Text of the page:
Going Postal Revisited

Anyone remember the phrase “going postal”? It arose from the spate in incidents starting in the 1980s when disgruntled former postal workers, in at least 11 separate incidents, returned to a postal facility and shot up the place, killing 35 people according to Wikipedia. The phrase became common currently for workplace violence which spread beyond post offices, and sometimes the phrase was used casually, as in “I just might go postal over this!”

My sense is that the “wave” of workplace violence like this has slacked off, but I wouldn’t necessarily trust the statistics. Remember: the Obama Administration classified Major Nidal Hasan’s attack at Fort Hood, Texas, as “workplace violence” rather than classifying it properly as “going jihadist.”  In any case, the incidence of workplace shootings seemed to have copycat element to it, just as school shootings in recent years also seem to have a copycat or contagion element to it, as David French, recalling earlier work by Malcolm Gladwell, explained in a lucid article.

Today there is speculation that the close suicides of designer Kate Spade and celebrity chef Anthony Bourdain my have a copycat element about it. “Can One Suicide Lead to Others?” the New York Times asks today. Like school and workplace shootings, there is suggestive evidence that the answer may be yes.

This comes right on the heels of news that the number of suicides in the U.S. is up sharply, which is provoking a lot of pop psychology and sweeping cultural generalizations about what might account for this.  There may be some element of truth to some of these explanations, but let me first express a bit of skepticism about the new statistics. I’m not convinced that the number of suicides is increasing. I think it is possible that the number of suicides being reported as such is increasing. There’s always been a stigma attached to suicide—perhaps wisely so—and in some cases suicide might void insurance policies. So a lot of suicides have been classified as other causes.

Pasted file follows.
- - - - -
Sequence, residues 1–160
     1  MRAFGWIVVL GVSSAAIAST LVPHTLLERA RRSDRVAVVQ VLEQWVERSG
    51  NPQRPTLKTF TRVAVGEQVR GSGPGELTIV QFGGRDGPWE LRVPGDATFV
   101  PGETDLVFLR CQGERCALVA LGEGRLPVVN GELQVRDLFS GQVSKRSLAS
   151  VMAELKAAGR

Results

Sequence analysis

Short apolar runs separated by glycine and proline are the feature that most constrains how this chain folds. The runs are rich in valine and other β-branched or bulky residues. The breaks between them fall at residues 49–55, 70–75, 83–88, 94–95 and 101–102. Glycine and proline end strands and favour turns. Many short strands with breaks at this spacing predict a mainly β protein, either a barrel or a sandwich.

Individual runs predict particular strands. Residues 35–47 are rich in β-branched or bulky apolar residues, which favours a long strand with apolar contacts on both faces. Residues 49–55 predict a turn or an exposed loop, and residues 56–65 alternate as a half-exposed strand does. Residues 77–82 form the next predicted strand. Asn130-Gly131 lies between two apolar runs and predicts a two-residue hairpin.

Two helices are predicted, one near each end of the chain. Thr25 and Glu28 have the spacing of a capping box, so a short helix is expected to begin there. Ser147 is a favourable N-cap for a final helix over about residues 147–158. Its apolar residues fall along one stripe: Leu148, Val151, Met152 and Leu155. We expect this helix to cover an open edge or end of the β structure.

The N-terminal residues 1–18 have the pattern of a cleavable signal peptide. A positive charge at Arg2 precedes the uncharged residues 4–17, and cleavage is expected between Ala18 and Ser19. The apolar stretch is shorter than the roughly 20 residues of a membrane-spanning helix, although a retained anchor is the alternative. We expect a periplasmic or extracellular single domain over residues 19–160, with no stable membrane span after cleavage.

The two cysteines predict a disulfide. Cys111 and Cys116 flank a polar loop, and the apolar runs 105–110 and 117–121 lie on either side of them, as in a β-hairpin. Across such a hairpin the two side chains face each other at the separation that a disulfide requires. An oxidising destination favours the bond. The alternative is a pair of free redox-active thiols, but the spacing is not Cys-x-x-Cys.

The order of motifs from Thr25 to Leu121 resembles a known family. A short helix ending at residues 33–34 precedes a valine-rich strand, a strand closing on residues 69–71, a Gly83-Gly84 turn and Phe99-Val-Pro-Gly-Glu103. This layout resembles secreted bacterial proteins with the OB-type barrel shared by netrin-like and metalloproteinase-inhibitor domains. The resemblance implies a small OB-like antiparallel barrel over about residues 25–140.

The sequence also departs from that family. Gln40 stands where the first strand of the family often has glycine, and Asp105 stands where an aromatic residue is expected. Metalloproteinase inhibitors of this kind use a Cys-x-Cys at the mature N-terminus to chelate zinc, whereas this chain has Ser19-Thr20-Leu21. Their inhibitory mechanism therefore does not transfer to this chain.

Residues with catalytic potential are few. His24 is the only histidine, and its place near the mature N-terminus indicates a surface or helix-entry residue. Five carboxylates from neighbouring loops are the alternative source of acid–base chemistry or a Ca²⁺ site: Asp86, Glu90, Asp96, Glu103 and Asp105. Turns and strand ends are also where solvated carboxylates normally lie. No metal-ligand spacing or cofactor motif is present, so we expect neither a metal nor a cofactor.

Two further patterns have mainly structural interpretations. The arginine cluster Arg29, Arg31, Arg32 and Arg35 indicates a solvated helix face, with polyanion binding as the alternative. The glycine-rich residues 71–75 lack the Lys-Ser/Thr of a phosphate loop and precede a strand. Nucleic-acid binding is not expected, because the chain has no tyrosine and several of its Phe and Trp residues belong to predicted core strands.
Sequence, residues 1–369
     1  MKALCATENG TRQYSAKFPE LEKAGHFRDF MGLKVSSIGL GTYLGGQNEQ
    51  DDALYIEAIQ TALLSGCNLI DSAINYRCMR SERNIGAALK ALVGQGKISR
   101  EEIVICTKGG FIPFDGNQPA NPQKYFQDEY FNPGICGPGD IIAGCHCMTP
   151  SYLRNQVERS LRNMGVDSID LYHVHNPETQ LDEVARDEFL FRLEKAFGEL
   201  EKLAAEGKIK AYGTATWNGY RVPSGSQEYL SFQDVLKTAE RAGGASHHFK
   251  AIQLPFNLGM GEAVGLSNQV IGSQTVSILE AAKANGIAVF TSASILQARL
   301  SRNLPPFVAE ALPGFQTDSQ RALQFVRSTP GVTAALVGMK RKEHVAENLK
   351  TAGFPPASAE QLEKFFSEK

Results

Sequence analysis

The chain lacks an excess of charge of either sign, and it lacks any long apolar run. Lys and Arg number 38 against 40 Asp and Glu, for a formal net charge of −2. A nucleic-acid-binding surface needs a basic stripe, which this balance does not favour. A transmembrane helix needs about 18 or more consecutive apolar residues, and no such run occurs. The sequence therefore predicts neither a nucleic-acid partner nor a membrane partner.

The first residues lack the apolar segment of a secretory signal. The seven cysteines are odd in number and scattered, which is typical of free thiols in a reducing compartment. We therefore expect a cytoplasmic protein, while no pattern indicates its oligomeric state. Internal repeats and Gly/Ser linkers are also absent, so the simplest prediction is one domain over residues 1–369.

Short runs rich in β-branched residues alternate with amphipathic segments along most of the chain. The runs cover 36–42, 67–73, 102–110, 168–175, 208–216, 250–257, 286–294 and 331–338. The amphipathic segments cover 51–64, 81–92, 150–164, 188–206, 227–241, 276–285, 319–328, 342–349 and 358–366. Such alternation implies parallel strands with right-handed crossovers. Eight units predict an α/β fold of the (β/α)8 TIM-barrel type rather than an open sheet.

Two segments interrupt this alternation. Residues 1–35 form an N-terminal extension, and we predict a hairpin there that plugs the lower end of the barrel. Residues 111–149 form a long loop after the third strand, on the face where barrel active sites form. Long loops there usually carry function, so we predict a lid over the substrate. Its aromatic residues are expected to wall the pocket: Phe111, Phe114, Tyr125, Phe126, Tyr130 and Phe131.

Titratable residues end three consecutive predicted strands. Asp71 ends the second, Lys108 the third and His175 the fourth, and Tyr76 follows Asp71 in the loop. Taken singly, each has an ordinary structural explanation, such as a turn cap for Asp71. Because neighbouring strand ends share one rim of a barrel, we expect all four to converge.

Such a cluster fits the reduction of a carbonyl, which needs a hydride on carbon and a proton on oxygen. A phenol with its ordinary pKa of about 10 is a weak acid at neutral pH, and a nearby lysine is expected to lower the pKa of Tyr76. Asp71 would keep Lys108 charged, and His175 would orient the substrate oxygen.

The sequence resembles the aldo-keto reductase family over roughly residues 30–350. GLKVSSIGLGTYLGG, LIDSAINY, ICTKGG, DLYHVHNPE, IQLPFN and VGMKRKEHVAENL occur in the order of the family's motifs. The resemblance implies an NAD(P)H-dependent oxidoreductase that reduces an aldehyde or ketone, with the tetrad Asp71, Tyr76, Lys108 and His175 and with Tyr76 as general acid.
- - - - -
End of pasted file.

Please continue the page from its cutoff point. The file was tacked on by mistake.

I suspect this because about a decade ago I tried to do some research into suicide statistics to see if I could demonstrate something about automobile emissions, believe it or not. One of the old methods of killing yourself painlessly is to run your car’s motor in a garage, or with a hose into the car window, but the immense emission control improvements of the last 40 years actually make that a difficult method, because carbon monoxide tailpipe emissions have almost been completely eliminated. (It may not be possible at all any more with some new models, though I am not going to test this hypothesis myself.) I suspected that suicide data might show a large decline in suicide-by-tailpipe.

But I couldn’t find any data on the question at all. As I chased after the data, I learned that methods of suicide were not consistently kept, even when suicide was admitted as the cause of death. So I gave up the inquiry.

One reason workplace violence has declined, as Paul observed a while ago, is that we “hardened” large workplaces with security guards and/or other deterrents. Sadly we’ll need to do with with schools. I have no idea what might be done about suicide if it is indeed a phenomenon that might be or become a contagion.


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